AACR Welcomes First Science Policy Fellow

Policy plays a critical role in the fight against cancer, influencing the funding of cancer research and driving the approval of safe and effective anticancer therapies. With the increasing complexity of cancer-related policy issues, the need for active engagement of cancer researchers and physician-scientists in the policymaking process has never been greater.

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Second Targeted Therapeutic Approved for Use Based on Tumor Biomarker, Not Tumor Origin

Last week, the U.S. Food and Drug Administration (FDA) approved the second of a new wave of molecularly targeted therapeutics that can be used to treat patients with any type of cancer provided their tumor tests positive for a specific biomarker.

The therapeutic in question, entrectinib (Rozlytrek), was approved for treating adults and adolescents age 12 and older whose cancers have an NTRK gene fusion and who have no other effective treatment options.

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FDA Approvals Provide Advances for a Range of Cancer Types

During late spring and early summer, the U.S. Food and Drug Administration (FDA) approved four new molecularly targeted therapeutics—alpelisib (Piqray), polatuzumab vedotin-piiq (Polivy), selinexor (Xpovio), and darolutamide (Nubeqa)—for treating certain patients with a wide array of cancer types. Molecularly targeted therapeutics are the cornerstone of precision oncology. So, this flurry of approvals highlights that progress in this important area of cancer care is continuing unabated.

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July Editors’ Picks from AACR Journals

As a monthly staple on this blog, we feature the editors’ picks from the 10 journal issues published by the American Association for Cancer Research (AACR). This month, selections include two articles detailing laboratory culture methods to model human cancers, as well as results from two clinical trials, among other studies. Per usual, articles summarized here are freely available for a limited time.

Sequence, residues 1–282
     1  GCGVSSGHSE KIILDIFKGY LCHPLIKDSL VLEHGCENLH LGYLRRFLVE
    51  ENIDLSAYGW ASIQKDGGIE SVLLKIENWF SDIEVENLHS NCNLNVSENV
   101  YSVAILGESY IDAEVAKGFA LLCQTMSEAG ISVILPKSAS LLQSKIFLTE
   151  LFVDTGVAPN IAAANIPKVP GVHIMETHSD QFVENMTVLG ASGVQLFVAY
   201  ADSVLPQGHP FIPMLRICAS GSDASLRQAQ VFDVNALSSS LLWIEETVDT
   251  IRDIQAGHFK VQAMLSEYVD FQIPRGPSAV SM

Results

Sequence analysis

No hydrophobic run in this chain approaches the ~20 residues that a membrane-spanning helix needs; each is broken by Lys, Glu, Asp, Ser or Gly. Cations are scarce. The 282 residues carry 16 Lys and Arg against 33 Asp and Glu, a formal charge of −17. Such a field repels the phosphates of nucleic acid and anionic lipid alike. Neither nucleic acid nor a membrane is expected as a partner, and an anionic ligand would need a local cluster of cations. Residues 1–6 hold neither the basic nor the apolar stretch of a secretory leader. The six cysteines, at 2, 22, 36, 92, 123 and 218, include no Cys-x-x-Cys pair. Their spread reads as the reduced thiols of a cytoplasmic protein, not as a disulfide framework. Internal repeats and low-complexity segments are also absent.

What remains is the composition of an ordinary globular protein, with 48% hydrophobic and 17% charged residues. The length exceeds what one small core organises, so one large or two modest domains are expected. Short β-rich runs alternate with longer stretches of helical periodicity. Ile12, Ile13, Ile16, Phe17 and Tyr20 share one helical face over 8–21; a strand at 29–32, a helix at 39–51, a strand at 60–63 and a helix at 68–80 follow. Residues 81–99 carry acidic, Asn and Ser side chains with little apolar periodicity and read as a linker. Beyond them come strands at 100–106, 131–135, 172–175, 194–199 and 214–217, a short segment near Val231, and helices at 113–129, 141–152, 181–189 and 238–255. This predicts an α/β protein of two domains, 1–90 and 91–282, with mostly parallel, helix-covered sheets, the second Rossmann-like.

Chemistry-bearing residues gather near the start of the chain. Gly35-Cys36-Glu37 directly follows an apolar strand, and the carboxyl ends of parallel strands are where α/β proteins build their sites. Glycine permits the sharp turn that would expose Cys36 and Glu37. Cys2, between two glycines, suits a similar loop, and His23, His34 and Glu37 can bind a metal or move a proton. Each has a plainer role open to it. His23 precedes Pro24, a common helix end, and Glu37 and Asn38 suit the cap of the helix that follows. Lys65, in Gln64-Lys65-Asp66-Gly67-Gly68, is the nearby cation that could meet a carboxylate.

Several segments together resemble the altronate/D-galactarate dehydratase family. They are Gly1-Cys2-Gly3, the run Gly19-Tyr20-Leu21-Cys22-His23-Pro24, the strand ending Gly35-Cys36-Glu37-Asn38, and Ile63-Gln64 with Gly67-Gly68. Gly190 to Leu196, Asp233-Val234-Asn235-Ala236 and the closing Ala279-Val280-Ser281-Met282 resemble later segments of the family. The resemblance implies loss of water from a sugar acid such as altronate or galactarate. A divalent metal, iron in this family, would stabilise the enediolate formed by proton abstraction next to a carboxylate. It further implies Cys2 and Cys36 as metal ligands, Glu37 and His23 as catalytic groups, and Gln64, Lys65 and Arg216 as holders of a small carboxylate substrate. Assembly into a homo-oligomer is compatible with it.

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Let’s End HPV-related Cancers: A Congressional Briefing

Every two minutes, a woman somewhere in the world dies of cervical cancer.

That harrowing statistic, shared by Anna R. Giuliano, PhD, founding director of the Center for Immunization and Infection Research in Cancer at the Moffitt Cancer Center in Tampa, Florida, reflects a great frustration in public health. There is a vaccine that prevents infection with the virus that can cause cervical cancer and several other cancer types, yet worldwide, not enough people are taking advantage of it.

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Highlights from AACR Meeting Focusing on Environmental Carcinogenesis

Decades of research have led to the identification of an increasing number of cancer-causing substances in our environment. These substances, known as environmental carcinogens, can be found anywhere, including in our air, water, food, and workplace.

Despite the progress we have made in identifying and increasing awareness of such carcinogens, experts believe that we have a long way to go before we have fully delineated them and successfully regulated our exposures to reduce cancer incidence. Therefore, establishing methods to better identify all of the carcinogens in our environment, to measure our exposure to them, and to prevent cancer caused by them are areas of active investigation in the field.

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AACR Takes Action Against the “Epidemic” of Youth E-cigarette Use

In the past year, the number of American teenagers using tobacco products has increased by nearly 40 percent, reversing a trend that public health officials worked tirelessly to achieve.
The primary culprit in the resurgence of smoking? E-cigarettes. Taking aim at this growing public health problem, the American Association for Cancer Research (AACR) held a congressional briefing on Wednesday, June 12, titled “E-cigarettes and Nicotine Addiction: A Potential Health Crisis for Youth and Young Adults.” The roster of speakers included leaders from government, research, and policy sectors.

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Educating the Public on Cancer Prevention

On Saturday, May 4, Philadelphians flooded the Benjamin Franklin Parkway for the Franklin Institute’s ninth annual Philadelphia Science Festival. For the fourth consecutive year, the American Association for Cancer Research (AACR) was a sponsor of the community event, giving eager kids and their families the opportunity to learn about science with hands-on experiments and activities.

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Why Are Liver Cancer Death Rates Up?

Since the 1990s, the cancer mortality rate in the U.S. has steadily declined. Yet liver cancer death rates in the U.S. have increased. Why?
Liver cancer is caused principally by the combination of a chronic hepatitis B virus infection and dietary exposure to aflatoxin B1, a contaminant that grows on corn and peanuts. Recent efforts to better control liver cancer globally include wide distribution of hepatitis B virus vaccines—more than a billion so far—and deployment of food safety tactics to prevent exposure to aflatoxin B1.

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